"You are working in an embassy, representing US Naval interests not only to the ambassador but to that country," Freeman said.

There was only one position open at the time, and he didn't get it. But within 24 hours, he got a phone call asking if he wanted to be a naval attaché in Taiwan, where they didn't have diplomatic relations at the time.

Yes! was his easy reply. By now, he and his wife were raising three kids, and the family moved to Taipei, Taiwan.

"Of all the tours, and they were all great, that was the best of the great tours," Freeman said. "I loved that tour. I couldn't wait to get to work. It was the hardest I ever worked, but it was also the single most rewarding thing that I did."

Meanwhile, his kids, who had lived in Japan, and in many places all over the states, were wondering where they were from. Renea's parents had relocated to Puget Island from Toledo years earlier, and it had been a great place for the kids to visit during summer breaks and holidays.

So in 2009, the Freemans purchased a home on Puget Island, even though they were overseas.

When he finished his tour in Taiwan, Freeman was offered a second attache tour in Japan. While there he was able to use his training in disaster relief to help communities in Japan after the earthquake in 2011.

Knowing that the Navy never offered a third tour, hé put in for retirement. But the Navy had other ideas and despite their policies, Freeman was asked to be an attaché in Vietnam.

It turned out that retirement would have to wait a little bit longer.

When Freeman did retire, he had a family and home on Puget Island, but he didn't necessarily have any specific plans or dreams to fulfill.

He just knew that this would be a good place for his youngest daughter to finish her education.

When this position came open, the teachers reminded him of his years in the military.

"Teachers do what they do for the love of it," he said. "You don't join the military to make money. You stay because you are good at what you do and you like what you do. That is a definition of a teacher."

"There are good people here," he said. "It's the type of situation I like to be in. I'm excited about being here. I go back to what I said when I was in Fallon. Every day I appreciated the fact that I continued to work with great people."

Great teachers and staff, and great kids. He knows the school will teach them the basics, like reading, writing, and arithmetic, or critical thinking but he wants more.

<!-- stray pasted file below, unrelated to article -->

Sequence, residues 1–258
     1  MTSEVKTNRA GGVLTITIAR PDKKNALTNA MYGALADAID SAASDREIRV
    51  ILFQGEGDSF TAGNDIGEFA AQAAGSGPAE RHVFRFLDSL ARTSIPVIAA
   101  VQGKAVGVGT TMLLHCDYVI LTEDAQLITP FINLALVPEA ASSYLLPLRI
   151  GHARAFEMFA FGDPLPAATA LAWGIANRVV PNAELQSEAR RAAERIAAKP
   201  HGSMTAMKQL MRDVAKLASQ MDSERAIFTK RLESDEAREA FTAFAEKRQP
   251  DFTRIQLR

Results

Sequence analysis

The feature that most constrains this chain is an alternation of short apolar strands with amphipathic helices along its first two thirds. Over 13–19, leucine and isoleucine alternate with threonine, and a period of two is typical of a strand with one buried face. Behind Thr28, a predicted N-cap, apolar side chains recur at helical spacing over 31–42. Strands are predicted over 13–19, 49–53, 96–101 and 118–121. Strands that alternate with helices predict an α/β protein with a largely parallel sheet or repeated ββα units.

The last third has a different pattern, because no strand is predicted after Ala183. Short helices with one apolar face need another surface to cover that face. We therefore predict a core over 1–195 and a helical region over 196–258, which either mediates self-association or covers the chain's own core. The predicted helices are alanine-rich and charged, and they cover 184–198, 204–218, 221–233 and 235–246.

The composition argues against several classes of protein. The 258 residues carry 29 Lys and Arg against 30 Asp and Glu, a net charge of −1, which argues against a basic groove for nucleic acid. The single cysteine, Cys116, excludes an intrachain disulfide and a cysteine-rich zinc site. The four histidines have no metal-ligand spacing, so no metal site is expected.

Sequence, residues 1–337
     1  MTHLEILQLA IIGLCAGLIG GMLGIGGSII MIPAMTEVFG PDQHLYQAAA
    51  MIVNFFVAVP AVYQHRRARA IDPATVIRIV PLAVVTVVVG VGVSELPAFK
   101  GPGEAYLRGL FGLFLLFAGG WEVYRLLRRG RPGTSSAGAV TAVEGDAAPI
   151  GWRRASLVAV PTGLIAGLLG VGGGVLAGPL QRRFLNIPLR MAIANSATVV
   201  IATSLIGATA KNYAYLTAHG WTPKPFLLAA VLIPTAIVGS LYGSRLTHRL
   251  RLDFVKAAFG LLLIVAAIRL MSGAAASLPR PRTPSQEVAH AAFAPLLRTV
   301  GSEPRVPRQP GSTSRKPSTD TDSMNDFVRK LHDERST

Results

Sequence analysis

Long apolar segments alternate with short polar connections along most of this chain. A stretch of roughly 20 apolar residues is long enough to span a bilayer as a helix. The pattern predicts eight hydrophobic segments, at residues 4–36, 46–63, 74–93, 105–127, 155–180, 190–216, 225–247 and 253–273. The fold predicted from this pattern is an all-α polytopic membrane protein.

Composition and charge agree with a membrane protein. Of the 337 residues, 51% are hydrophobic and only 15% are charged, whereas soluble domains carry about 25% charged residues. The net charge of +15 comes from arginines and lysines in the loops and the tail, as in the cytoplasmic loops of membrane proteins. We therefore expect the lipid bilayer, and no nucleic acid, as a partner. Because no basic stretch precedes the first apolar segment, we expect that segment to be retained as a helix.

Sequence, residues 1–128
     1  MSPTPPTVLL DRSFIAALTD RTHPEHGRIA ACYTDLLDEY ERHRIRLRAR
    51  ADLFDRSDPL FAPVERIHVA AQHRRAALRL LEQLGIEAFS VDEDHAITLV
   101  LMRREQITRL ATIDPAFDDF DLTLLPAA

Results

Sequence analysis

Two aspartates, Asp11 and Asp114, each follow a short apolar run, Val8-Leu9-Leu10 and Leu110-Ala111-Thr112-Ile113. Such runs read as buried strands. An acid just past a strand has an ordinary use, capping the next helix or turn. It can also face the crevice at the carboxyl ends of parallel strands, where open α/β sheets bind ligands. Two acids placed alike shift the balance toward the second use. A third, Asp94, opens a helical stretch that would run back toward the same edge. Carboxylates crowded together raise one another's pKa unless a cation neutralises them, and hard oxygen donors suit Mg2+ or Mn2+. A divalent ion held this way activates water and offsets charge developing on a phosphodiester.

"The one thing I would hope for any kid is that they dream," Freeman said. "I want my kids to dream. We need to help them dream, but we need to help them be able to actualize their dream, to develop the tools so they can fulfill those dreams."

And so, his career has come full circle. It began with teaching, and has found him once again, working in education.

Some of his thoughts about his new role at Wahkiakum School District:

"I think the challenge of any school district is that you want to make sure that your kids are ready for success beyond graduation," Freeman said. "We want to make sure that our kids are really well rounded and that they are prepared to enter and be a productive American outside the school system. Whether that's a path of college, vocational school or directly into the workforce."

"The piece that changes and I think is harder today, is that kids are not just competing against their classmates," Freeman said. "They are competing against kids globally. Our kids need to have the type of education that supports them when they get out there. Some kids are going to stay here but others aren't, and they have to be ready for success out there."

"We're special here," Freeman said. "Our size is our strength. That's the beauty of what we have here, and the reason we chose here. When other districts are talking about demographics, we talk about individuals. That demographic has a name. That's a luxury a lot of other places don't have."